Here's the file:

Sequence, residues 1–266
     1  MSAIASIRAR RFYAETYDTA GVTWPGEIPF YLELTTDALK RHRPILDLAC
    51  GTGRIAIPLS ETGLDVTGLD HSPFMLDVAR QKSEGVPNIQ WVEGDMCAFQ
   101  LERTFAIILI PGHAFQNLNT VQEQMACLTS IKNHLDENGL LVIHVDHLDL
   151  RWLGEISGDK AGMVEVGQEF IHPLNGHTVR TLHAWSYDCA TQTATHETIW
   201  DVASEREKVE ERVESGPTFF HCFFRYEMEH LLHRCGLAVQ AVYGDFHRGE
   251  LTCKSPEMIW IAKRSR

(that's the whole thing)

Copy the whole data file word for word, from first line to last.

Sequence, residues 1–266
     1  MSAIASIRAR RFYAETYDTA GVTWPGEIPF YLELTTDALK RHRPILDLAC
    51  GTGRIAIPLS ETGLDVTGLD HSPFMLDVAR QKSEGVPNIQ WVEGDMCAFQ
   101  LERTFAIILI PGHAFQNLNT VQEQMACLTS IKNHLDENGL LVIHVDHLDL
   151  RWLGEISGDK AGMVEVGQEF IHPLNGHTVR TLHAWSYDCA TQTATHETIW
   201  DVASEREKVE ERVESGPTFF HCFFRYEMEH LLHRCGLAVQ AVYGDFHRGE
   251  LTCKSPEMIW IAKRSR